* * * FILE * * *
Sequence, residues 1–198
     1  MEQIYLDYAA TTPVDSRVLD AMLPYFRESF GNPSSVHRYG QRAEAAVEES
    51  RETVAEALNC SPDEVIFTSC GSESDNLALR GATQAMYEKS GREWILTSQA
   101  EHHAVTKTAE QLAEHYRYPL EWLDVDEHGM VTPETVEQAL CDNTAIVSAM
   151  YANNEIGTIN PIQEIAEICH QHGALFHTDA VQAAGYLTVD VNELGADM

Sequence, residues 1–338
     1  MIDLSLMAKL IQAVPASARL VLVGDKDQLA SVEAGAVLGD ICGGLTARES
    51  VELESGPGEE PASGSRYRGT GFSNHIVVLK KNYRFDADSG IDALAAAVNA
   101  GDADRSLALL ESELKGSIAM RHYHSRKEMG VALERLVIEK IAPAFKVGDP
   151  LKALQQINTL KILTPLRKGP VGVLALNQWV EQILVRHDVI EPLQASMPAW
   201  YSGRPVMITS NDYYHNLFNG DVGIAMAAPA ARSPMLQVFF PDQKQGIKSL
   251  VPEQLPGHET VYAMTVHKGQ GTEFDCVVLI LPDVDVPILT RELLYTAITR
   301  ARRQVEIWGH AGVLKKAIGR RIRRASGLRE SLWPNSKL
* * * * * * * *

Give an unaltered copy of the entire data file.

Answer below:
Sequence, residues 1–198
     1  MEQIYLDYAA TTPVDSRVLD AMLPYFRESF GNPSSVHRYG QRAEAAVEES
    51  RETVAEALNC SPDEVIFTSC GSESDNLALR GATQAMYEKS GREWILTSQA
   101  EHHAVTKTAE QLAEHYRYPL EWLDVDEHGM VTPETVEQAL CDNTAIVSAM
   151  YANNEIGTIN PIQEIAEICH QHGALFHTDA VQAAGYLTVD VNELGADM

Sequence, residues 1–338
     1  MIDLSLMAKL IQAVPASARL VLVGDKDQLA SVEAGAVLGD ICGGLTARES
    51  VELESGPGEE PASGSRYRGT GFSNHIVVLK KNYRFDADSG IDALAAAVNA
   101  GDADRSLALL ESELKGSIAM RHYHSRKEMG VALERLVIEK IAPAFKVGDP
   151  LKALQQINTL KILTPLRKGP VGVLALNQWV EQILVRHDVI EPLQASMPAW
   201  YSGRPVMITS NDYYHNLFNG DVGIAMAAPA ARSPMLQVFF PDQKQGIKSL
   251  VPEQLPGHET VYAMTVHKGQ GTEFDCVVLI LPDVDVPILT RELLYTAITR
   301  ARRQVEIWGH AGVLKKAIGR RIRRASGLRE SLWPNSKL